Making the Cut

Mars One, a non-profit organization that plans to establish a permanent human colony on Mars by 2025, has selected its semi-finalists.

Mars One officials have completed the semi-final round of its selection process for the first four person crew to travel to Mars, one way. When Mars One first solicited applications, this aerospace geek posed the question on social media: Would you travel to and live out the rest of your days on Mars? How would you answer? Most people responded with excitement and intrigue tempered by varying levels of fright; others wouldn’t go to Mars, but said (jokingly) that they would happily send their mother-in-law, ex-husband, etc.

To the surprise of some skeptics, Mars One officials had their pick of more than 200,000 applicants vying to travel one-way to Mars. Mars One officials, having just completed an elimination round, cut the field of applicants to 1,058 potential astronauts.

The ambitious Mars One project aims to establish the first human settlement on Mars and, not only that, but also continue to grow the population on Mars by launching subsequent missions. They plan to send four pioneers every two years following the arrival of the previous crew.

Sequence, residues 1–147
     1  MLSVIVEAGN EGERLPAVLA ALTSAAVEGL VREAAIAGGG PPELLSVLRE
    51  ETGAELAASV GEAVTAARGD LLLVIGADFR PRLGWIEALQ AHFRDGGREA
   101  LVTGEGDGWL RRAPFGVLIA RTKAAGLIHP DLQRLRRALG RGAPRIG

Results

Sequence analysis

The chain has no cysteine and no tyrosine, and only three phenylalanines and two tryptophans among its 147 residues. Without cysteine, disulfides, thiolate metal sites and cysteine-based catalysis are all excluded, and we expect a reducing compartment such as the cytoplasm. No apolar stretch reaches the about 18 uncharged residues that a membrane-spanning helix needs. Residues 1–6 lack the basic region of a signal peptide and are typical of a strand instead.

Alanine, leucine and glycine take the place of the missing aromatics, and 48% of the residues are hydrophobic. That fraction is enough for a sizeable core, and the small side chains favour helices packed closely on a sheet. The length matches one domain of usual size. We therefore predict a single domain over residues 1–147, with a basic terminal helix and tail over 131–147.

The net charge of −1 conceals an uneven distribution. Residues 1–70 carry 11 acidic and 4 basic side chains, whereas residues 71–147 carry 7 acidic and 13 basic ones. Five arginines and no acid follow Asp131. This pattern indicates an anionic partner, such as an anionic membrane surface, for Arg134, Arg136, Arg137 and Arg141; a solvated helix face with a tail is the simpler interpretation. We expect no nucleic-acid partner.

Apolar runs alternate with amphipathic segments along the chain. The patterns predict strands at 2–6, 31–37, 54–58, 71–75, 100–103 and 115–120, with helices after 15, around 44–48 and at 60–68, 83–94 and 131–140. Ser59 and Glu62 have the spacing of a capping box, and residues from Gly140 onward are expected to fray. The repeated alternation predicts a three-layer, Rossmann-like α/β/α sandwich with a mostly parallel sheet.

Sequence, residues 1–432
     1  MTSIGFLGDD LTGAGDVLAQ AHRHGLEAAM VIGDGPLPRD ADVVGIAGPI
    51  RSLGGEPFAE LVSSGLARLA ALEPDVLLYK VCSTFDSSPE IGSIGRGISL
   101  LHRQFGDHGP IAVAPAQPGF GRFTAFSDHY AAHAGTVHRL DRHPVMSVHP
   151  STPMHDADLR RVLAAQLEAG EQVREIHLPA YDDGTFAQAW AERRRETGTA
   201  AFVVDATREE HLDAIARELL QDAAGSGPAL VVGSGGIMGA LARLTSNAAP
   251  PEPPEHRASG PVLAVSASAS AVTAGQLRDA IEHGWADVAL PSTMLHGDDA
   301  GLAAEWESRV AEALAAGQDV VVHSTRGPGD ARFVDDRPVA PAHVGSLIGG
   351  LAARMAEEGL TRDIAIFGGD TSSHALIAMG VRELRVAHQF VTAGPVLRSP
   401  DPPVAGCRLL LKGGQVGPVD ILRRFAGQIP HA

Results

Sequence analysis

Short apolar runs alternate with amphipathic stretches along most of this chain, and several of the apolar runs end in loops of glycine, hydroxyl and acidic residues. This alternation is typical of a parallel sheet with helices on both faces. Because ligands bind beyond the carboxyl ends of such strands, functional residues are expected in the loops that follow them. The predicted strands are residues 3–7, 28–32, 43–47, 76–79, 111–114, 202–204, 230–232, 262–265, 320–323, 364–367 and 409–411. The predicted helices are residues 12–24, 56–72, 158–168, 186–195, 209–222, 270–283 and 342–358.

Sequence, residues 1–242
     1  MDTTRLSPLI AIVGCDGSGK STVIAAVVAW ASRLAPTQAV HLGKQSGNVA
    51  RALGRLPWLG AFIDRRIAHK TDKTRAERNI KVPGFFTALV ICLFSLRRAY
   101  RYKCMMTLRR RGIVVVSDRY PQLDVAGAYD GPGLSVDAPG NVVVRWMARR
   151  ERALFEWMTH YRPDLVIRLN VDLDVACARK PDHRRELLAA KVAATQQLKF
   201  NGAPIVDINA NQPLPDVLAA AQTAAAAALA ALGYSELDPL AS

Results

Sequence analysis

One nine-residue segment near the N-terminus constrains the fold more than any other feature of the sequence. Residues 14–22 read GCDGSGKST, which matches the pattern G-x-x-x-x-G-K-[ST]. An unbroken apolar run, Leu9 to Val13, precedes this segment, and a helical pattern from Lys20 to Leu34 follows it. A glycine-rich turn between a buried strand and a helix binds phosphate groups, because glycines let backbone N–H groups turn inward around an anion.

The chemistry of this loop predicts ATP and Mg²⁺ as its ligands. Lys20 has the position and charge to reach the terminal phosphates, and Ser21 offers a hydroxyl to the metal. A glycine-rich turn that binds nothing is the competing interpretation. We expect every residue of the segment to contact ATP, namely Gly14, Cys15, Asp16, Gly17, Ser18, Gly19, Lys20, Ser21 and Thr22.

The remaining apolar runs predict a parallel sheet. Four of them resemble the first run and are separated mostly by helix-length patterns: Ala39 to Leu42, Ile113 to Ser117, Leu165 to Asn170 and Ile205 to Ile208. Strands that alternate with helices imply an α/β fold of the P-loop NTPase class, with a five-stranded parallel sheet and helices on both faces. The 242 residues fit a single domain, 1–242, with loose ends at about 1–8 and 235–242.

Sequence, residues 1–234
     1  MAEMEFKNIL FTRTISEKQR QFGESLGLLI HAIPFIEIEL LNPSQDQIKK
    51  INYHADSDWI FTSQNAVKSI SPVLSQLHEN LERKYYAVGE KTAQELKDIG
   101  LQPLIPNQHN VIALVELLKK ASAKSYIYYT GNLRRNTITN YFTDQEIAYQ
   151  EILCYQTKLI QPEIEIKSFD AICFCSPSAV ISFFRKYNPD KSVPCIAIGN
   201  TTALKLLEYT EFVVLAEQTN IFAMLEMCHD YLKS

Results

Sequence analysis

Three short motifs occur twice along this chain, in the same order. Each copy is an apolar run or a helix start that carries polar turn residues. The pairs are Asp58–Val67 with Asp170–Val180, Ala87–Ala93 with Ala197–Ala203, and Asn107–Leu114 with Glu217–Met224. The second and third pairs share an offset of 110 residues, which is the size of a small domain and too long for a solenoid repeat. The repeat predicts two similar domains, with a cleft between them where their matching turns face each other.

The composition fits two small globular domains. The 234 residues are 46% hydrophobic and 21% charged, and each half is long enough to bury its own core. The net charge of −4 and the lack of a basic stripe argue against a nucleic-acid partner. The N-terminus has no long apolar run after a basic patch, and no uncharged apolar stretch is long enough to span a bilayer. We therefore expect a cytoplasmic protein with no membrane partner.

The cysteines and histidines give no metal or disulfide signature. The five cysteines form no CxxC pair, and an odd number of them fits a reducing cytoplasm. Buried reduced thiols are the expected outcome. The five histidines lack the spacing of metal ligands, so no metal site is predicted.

The semi-finalists include both male and female applicants, which gives many cause to wonder whether (or when) we will see the first human child born on the surface of Mars. This military and aerospace (mil/aero) geek is excited about the possibility. Check out this geek’s next blog when he profiles some Northwestern applicants that made the cut.

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Posted January 30th, 2014, by

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About J. VanDomelen Mil/Aero Blog

J. VanDomelen holds a Bachelor of Science in Information Systems and myriad certifications from Microsoft, Cisco, and CompTia in varying facets of computer software, hardware, and network design and implementation. He has worked in the electronics industry for more than 12 years in varied fields, including advanced systems design of highly technical military and aerospace computer systems, semiconductor manufacturing, open source software development, hardware design, and rapid prototyping. J. VanDomelen Mil/Aero Blog

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